Micellar technology simplifies hair washing routines

By Natasha Spencer

- Last updated on GMT

Micellar technology hair washing

Related tags: Hair care, Hygiene, Hair, Shampoo

In our Q&A with Andrew McDougall, Global Haircare Analyst at Mintel, we asked what the new, innovative technology has to offer formulators, brands and consumers on the market, and how it is set to transform hair care regimes.

Although the traction of these products in Asia Pacific (APAC) is still in its infancy, the segment is anticipated to have the potential in the region to modify hair care regimes.

Consumers investing in their hair care routine are focusing on new micellar products that moisturise and remove dirt comprehensively and quickly.  

1. What is micellar technology?

Micellar technology is being utilised in hair care products to help remove any dirt or product build-up that inevitably proliferates on the scalp, without being too aggressive – encouraging more frequent use, and also goes against harming hair colour or integrity.

2. How are micellar hair care products being used?

At present, micellar haircare products still need to be rinsed, though theoretically, there could potentially be no rinsing involved with future micellar products. Instead, the deed could be completed by simply towelling the hair to remove any excess products or oils.

3. What environmental aims do brands have?

There are already a number of shampoo brands that are trying to deal with water consumption.

For instance, Dove formed a partnership with the water-efficient Delta Hydrafall Shower Head in 2016, while consumers saw the launch of Stop the Water While Using Me! – a brand that literally advises against water wastage.

There is potential for micellar shampoos to develop as water scarcity continues to affect the wider beauty and personal care market.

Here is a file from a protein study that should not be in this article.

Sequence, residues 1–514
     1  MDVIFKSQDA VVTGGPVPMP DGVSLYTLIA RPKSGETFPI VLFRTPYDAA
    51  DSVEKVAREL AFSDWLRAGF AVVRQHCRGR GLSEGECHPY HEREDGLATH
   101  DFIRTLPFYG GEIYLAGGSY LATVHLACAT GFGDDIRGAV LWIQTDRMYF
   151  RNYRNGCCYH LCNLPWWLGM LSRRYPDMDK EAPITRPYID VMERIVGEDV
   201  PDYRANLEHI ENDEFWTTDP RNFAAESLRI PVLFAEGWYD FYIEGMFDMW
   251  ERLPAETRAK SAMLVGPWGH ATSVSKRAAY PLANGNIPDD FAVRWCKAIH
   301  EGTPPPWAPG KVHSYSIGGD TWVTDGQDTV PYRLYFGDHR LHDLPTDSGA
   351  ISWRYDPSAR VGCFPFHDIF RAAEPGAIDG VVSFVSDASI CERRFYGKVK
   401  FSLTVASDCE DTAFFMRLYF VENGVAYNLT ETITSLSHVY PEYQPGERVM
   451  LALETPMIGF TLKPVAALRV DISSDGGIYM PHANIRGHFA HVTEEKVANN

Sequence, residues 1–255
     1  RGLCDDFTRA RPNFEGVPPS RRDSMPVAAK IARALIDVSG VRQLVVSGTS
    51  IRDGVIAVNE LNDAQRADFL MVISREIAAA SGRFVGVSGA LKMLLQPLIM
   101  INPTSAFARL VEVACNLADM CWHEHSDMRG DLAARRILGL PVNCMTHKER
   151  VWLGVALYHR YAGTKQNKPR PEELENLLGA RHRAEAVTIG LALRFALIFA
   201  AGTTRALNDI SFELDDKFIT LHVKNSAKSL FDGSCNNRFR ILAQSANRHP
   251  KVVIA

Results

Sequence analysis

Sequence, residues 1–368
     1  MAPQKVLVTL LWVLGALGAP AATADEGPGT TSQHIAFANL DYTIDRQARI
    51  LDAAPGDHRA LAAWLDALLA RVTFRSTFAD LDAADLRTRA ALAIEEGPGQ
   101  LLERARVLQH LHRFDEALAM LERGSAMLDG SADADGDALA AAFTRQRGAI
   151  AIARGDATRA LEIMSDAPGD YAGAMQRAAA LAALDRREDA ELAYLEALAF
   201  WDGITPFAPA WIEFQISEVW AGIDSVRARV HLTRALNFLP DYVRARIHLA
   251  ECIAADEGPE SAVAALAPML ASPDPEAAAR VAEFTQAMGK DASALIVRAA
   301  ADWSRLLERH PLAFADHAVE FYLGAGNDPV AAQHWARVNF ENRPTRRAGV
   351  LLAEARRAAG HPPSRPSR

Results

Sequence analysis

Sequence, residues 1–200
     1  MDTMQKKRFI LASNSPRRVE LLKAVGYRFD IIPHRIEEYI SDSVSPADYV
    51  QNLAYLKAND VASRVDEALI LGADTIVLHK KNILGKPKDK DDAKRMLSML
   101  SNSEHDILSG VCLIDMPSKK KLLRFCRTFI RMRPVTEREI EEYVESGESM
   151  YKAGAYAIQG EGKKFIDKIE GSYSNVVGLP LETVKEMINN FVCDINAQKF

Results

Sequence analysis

4. Are formulators now using fewer ingredients? 

We are seeing more formulators adapting to the ‘less is more’ concept. Consumers are going back-to-basics with a number of formulations, and in hair care, we are seeing a boost in the use of oils in particular.

According to Mintel findings, just over one in five female haircare users in the US look for products with as few ingredients as possible. This idea of not having too many ingredients in products is also extending to haircare.

5. How can skin care-based claims in hair care succeed and overcome previous difficulties that prevented growth in the sector?

Skin care-based claims can help overcome the current concerns that consumers may have. Damage concern still ranks highly in haircare, so using gentler and sensitivity claims will help to allay any concern.

Consumers also don’t like to be overwhelmed with complicated products, so using claims, terminology or instructions that they are familiar with, or work easily, will help to overcome difficulties in the market. 

6. What claims are these brands expected to make to leverage the potential of micellar technology?

  • ‘Gentler’ – 39% of US adults associate cleansing waters (sometimes referred to as micellar waters) as being gentler than rinse-off cleansers.
  • ‘Ease of use’ – 25% of US adults think cleansing waters (sometimes referred to as micellar waters) easily remove make-up
  • ‘Sensitivity’ – 24% of UK women who experience sensitivity have used micellar cleansing waters. These are findings that can be transferred to haircare.

7. How can marketers for micellar haircare appeal to consumers? 

Clear messaging is not only effective; it can also educate consumers on the benefits and usability of a product. 

Links to skin care use could be an added advantage as consumers are already familiar with the concept. 

While micellar haircare products are particularly targeted towards consumers with fine hairs, they can also be positioned as a product that is suited for regular use, especially among consumers who may be concerned about the potential damage from frequent washing. 

Brands should also capitalise on Mintel’s ‘Active Beauty’ trend as they can position micellar washing as the solution for active consumers to effectively, but gently, cleanse their hair after exercising.

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